William C. Wetzel


PhD Candidate
Population Biology Grad Group
University of California, Davis

wcwetzel {a} ucdavis dot edu


Office: 2350 Storer Hall


CV pdf




Spatial ecology of an insect food web
I am interested in how food web dynamics and animal movement may interact to produce spatial distributions of species abundances. The distribution of a consumer species depends on the distribution of its resource, and consumers can influence the distribution of their resources. I seek to understand how bottom-up (resource) and top-down (predation) forces shape the distribution of a food web that includes sagebrush (Artemisia tridentata), a gall-making fly (Eutreta diana), and several species of ants and parasitoid wasps. My field sites are in the eastern Sierra Nevada at the University of California's Valentine Eastern Sierra Reserve. My research combines field observation and experiments with mathematical models using statistical methods including maximum likelihood and hierarchical Bayes.

Press: "Lord of the Flies," The Sheet News, September 2, 2011.




Rangeland conservation
For a second major project, I work with an interdisciplinary team of graduate students ( NSF IGERT) to predict how changing land tax policy will affect ranchers and rangeland conservation in California. The California Land Conservation Act of 1965 (the Williamson Act) until recently provided counties with funds that allowed them to reduce property taxes for land owners who agreed to restrict their land to agricultural uses. The Governor cut nearly all funding to this program, thereby jeopardizing the future of millions of acres of California rangeland. Our group aims to estimate how important the Williamson Act is for the ranching industry and then predict what California would look like if the program were cancelled. For more information, see http://reach.ucdavis.edu/programs/williamsonact.html.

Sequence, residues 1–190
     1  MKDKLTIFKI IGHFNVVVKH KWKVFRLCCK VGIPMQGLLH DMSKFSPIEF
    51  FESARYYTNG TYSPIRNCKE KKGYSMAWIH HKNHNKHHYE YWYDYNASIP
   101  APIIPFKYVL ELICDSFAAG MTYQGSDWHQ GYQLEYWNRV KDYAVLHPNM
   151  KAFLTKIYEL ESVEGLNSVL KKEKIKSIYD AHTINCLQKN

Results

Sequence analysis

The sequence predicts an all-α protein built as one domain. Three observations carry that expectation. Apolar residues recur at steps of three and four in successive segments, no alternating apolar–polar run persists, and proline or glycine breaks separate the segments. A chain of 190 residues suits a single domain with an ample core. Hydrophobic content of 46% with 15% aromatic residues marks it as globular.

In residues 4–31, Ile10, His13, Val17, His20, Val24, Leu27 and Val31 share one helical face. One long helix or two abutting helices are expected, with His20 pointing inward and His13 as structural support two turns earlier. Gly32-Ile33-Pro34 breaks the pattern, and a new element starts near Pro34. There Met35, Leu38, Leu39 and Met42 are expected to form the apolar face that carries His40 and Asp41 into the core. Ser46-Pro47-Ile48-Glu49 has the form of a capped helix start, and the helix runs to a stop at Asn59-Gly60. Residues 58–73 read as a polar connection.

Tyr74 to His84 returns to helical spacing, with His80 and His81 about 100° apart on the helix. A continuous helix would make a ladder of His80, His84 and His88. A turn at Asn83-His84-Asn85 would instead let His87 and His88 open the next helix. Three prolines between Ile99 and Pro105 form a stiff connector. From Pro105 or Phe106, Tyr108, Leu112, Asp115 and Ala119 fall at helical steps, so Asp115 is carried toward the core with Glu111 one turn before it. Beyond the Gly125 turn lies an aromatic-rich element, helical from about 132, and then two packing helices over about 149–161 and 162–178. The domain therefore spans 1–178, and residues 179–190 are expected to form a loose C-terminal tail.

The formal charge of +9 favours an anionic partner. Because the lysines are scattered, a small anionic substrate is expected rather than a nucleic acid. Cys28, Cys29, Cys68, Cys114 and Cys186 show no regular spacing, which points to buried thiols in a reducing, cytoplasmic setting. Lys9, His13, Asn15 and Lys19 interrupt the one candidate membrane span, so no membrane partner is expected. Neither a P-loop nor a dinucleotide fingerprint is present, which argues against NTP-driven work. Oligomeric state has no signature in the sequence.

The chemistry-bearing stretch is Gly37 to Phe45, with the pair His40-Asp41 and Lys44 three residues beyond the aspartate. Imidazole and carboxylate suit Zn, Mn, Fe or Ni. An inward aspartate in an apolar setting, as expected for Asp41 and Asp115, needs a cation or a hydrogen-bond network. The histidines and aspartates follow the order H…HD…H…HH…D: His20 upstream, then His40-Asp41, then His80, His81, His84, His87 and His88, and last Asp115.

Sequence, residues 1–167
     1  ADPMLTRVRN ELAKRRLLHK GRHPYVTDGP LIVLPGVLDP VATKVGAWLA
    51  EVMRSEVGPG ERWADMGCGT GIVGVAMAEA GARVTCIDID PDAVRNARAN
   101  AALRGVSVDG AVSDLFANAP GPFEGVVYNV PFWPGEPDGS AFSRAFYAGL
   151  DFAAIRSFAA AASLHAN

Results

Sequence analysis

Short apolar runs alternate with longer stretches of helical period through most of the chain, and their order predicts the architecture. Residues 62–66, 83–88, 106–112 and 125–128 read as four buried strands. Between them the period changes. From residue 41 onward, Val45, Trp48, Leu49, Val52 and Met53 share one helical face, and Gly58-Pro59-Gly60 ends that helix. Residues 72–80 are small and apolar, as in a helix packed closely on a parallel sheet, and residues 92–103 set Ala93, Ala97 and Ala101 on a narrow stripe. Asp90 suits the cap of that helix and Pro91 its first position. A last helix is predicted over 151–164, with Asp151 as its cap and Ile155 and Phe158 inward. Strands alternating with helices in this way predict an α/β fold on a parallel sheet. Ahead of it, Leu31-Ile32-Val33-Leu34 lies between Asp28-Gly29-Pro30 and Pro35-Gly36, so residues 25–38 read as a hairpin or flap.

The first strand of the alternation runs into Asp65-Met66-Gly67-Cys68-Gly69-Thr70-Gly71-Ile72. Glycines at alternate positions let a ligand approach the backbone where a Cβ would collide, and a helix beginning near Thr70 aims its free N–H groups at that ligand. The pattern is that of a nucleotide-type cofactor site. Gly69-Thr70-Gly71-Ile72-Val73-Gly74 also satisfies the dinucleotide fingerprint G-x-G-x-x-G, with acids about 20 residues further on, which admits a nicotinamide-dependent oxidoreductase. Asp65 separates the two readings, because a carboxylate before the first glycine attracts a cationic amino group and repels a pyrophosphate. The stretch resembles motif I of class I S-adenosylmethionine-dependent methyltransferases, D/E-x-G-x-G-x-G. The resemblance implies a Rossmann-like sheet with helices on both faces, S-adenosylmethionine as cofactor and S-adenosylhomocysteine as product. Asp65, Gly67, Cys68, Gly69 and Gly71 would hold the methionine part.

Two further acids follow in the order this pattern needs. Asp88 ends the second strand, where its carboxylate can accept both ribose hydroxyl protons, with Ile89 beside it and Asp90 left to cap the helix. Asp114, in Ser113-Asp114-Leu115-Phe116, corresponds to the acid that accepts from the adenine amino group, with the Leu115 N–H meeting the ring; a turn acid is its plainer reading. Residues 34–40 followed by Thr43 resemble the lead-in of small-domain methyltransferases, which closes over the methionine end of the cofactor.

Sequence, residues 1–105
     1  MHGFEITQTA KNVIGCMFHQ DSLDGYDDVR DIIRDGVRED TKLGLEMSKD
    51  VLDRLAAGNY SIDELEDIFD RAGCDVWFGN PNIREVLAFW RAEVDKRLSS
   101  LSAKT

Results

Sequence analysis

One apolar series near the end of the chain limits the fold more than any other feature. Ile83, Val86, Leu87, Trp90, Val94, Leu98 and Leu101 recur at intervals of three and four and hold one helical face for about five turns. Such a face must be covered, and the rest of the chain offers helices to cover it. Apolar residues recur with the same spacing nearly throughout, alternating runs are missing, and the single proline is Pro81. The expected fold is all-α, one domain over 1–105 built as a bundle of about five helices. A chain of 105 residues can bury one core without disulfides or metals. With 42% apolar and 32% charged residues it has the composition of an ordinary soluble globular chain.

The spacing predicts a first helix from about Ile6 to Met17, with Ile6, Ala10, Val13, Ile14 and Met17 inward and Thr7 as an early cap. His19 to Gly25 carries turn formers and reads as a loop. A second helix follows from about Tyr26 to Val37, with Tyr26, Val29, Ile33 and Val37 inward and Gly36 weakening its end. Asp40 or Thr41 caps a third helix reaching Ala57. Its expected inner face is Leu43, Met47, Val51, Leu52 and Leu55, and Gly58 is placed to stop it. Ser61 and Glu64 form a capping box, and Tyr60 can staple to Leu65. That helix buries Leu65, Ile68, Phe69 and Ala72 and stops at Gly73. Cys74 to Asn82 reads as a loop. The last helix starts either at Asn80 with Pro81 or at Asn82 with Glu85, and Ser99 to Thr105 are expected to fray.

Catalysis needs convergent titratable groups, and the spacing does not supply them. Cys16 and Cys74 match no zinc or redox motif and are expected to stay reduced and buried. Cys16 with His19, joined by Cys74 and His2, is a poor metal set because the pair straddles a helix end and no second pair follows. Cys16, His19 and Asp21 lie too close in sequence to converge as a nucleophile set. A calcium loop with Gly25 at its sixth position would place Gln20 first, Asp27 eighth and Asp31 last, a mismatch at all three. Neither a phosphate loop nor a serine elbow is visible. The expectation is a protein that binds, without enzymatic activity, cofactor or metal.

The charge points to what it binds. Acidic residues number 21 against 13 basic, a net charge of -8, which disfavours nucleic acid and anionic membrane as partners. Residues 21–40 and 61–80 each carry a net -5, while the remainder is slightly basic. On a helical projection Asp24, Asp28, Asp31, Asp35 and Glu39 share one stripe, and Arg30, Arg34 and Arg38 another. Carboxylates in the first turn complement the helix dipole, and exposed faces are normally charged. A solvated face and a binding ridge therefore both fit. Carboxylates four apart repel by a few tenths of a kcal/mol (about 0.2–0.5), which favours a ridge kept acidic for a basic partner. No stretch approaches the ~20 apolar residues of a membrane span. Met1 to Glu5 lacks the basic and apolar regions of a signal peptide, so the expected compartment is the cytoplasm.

Press: "Loss of Williamson Act would threaten wildlife habitat," Western Farm Press, March 8, 2011.

"Survey finds loss of Williamson Act would threaten wildlife habitat," The Davis Enterprise, March 21, 2011.




Peer-reviewed publications
Karban, R., W.C. Wetzel, K, Shiojiri, S. Ishizaki, S. Ramirez, and J. Blande. Deciphering the language of plant communication: volatile chemotypes of sagebrush. In review at New Phytologist.

Wetzel, W.C. 2014. Density-dependent recruitment structures a heterogeneous distribution of herbivores among host-plants. Ecology (in press).

Hammock, B. and W.C. Wetzel. 2013. The relative importance of drift causes for stream insect herbivores across a canopy gradient. Oikos 122: 1586-1593.

Karban, R. K. Shiojiri, S. Ishizaki, W.C. Wetzel, and R. Evans. 2013. Kin recognition affects plant communication and defense. Proceedings of the Royal Society B-Biological Sciences 280: 20123062.

Wetzel, W.C., I. Lacher, S. Daniel, S. Moffitt, and D. Manning. 2012. Survey and landscape analysis reveal potential consequences of Williamson Act for rangeland. California Agriculture 66:131-136. [Journal cover story]

Meek, M., A. Wintzer, W.C. Wetzel, and B. May. 2012. Climate change likely to facilitate the invasion of the non-native hydroid, Cordylophora caspia, in the San Francisco Estuary, CA. PLoS ONE 7:e46373.

Chong, G., W.C. Wetzel, and M. Holloran. 2010. Greater sage-grouse of Grand Teton National Park: Where do they roam? Park Science 27(3): 42-49.







Research photos

↑ An adult female Eutreta diana and the puparium from which she emerged




↑ An adult female Eutreta diana. Drawn by Devyn Orr.


↑ A Eutreta diana larve feeding inside its gall. Drawn by Devyn Orr.


↑ An ant attacking a Eutreta diana gall




↑ The pupa of a parasitic wasp next to the remains of its Eutreta diana meal




↑ Experiments restricting movement or haunted shrubs?







Affiliations:

Population Biology Graduate Group

Center for Population Biology

National Science Foundation IGERT: Responding to Rapid Environmental Change

Valentine Eastern Sierra Reserve, University of California Natural Reserve System